The seizure of a British-flagged tanker by Iran in the Gulf water has dramatically raised tensions in the region and the British said on Monday that it was planning a European-led protection force for shipping in the Gulf.

Iran’s move was condemned by Foreign Secretary Jeremy Hunt who called it “state piracy” and emphasized that Britain did not want confrontation. “We will seek to establish this mission as quickly as possible,” Hunt said, adding that a second warship that Britain has sent to the region would arrive by July 29.

On Friday, the Islamic Revolutionary Guard Corps seized the Stena Impero in the Gulf’s strategic Strait of Hormuz, further escalating the tension. Iran’s move came after British authorities seized an Iranian tanker off its overseas territory of Gibraltar on suspicion of breaching EU sanctions against Syria against a backdrop of brinkmanship between Washington and Tehran.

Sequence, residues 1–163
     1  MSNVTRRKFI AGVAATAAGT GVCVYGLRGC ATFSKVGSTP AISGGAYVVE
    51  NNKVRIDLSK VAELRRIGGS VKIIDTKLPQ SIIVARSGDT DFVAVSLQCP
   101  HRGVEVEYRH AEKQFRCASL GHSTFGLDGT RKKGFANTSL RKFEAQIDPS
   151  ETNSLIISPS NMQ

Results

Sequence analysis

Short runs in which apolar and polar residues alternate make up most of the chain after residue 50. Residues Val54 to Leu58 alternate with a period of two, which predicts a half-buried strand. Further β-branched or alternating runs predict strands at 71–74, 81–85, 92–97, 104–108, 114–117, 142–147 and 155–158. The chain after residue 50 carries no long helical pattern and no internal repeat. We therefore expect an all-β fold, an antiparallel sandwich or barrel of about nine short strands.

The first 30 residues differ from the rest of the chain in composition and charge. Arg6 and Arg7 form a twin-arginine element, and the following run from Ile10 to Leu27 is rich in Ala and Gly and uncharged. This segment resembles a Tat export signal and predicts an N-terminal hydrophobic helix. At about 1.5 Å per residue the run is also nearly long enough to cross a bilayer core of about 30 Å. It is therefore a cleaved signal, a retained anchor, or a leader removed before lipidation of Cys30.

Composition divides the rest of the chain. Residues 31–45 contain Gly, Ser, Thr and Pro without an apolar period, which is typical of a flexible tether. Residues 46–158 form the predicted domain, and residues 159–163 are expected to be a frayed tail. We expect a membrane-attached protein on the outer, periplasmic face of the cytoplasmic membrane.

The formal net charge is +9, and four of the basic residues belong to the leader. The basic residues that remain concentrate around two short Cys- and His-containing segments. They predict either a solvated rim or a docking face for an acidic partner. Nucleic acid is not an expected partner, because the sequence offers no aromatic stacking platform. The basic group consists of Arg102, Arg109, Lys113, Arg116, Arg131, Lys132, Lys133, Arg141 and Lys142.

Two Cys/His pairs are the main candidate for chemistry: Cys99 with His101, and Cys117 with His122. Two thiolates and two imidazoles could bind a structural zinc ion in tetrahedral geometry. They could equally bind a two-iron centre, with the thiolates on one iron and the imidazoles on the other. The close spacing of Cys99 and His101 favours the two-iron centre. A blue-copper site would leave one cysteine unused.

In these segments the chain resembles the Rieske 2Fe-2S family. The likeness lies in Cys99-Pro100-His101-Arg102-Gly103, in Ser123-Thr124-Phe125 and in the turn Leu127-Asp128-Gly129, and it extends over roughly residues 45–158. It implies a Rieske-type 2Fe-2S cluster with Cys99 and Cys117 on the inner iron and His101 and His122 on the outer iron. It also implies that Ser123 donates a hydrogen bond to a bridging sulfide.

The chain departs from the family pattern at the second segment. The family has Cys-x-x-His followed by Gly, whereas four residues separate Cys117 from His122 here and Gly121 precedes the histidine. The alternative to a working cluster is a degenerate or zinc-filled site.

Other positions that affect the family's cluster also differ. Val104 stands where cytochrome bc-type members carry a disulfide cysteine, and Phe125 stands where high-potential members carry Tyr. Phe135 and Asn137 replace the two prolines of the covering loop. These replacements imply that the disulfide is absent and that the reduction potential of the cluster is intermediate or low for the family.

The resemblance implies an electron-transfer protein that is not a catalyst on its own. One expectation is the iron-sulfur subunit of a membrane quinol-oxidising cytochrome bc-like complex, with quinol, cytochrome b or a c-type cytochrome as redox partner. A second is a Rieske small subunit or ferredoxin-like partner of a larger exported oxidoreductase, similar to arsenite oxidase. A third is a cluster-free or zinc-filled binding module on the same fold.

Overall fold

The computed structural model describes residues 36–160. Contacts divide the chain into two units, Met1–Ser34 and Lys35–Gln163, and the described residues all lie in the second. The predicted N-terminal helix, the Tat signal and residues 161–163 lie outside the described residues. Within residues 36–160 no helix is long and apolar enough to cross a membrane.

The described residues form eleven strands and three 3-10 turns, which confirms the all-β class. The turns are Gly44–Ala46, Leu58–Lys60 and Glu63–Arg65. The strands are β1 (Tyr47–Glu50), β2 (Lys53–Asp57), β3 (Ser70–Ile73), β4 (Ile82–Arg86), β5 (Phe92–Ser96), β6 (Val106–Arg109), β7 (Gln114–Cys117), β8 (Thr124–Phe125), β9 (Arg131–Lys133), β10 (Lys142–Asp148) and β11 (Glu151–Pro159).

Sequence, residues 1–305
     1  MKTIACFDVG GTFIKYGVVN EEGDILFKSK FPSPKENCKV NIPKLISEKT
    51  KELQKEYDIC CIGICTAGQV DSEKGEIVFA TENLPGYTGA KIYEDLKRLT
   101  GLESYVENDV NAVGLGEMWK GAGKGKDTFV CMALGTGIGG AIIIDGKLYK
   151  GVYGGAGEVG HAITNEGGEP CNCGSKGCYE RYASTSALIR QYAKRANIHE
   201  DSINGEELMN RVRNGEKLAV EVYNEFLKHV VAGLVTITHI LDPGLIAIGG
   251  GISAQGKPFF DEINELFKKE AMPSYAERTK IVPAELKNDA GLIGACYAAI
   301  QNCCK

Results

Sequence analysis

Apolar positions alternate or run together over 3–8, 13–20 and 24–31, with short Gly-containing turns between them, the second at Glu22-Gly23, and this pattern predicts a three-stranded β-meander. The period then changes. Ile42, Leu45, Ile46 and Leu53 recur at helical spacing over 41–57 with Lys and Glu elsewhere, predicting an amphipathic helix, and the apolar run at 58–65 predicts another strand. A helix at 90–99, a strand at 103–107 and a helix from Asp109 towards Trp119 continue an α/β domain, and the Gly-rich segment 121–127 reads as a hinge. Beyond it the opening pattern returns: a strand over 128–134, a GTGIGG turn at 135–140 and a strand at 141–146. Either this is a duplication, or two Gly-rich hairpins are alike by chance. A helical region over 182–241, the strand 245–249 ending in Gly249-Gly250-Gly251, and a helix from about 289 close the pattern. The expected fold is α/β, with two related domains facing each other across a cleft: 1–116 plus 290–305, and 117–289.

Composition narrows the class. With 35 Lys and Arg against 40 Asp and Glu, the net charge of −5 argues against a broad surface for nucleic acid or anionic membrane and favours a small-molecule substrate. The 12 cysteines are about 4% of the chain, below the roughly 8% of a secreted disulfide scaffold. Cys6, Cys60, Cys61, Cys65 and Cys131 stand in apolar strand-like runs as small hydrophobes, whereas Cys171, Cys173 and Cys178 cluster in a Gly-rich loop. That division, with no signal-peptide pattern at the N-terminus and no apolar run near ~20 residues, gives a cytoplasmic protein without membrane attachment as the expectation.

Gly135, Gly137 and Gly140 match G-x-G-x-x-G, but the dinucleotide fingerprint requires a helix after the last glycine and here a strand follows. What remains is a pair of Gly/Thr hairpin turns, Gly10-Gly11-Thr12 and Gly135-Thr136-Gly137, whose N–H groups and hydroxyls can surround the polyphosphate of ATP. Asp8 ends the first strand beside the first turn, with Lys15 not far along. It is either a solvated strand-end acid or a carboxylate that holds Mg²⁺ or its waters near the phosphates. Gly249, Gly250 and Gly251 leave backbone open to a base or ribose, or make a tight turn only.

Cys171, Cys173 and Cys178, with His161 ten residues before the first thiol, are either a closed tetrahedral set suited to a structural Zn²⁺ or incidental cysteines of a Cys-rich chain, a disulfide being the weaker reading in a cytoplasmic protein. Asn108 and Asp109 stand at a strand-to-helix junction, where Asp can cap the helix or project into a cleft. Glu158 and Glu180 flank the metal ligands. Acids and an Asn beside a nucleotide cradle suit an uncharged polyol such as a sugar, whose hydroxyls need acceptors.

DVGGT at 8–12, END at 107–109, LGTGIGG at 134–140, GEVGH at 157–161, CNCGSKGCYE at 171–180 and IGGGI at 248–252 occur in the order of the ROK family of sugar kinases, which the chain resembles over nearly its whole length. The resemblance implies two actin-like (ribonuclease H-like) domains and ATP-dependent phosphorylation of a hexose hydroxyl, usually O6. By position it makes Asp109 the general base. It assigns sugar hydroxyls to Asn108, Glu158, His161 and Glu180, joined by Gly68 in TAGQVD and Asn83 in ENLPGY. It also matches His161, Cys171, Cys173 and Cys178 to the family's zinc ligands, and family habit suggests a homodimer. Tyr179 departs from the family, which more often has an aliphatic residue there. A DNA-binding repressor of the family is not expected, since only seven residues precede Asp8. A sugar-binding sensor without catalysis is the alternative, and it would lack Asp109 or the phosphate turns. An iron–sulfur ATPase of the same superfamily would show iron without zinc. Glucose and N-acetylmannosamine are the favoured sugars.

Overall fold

In a message, Foreign Minister Mohammad Javad Zarif wrote to Boris Johnson that his country is not seeking confrontation with Britain. During his visit to Nicaragua, Mr. Zarif said that “It is very important for Boris Johnson as he enters 10 Downing Street to understand that Iran does not seek confrontation, that Iran wants normal relations based on mutual respect.” He also accused Britain “of doing the bidding for the Trump administration”.

Hunt told Parliament that the protection force “will not be part of the US maximum pressure policy on Iran because we remain committed to preserving the Iran nuclear agreement”.

Iran has claimed that it seized the tanker after it failed to respond to distress calls and turned off its transponder after hitting a fishing boat. However, all the accusations were rejected by Britain which claimed that there was no evidence of the crash and that the vessel was in Omani waters along with its transponder switched on.

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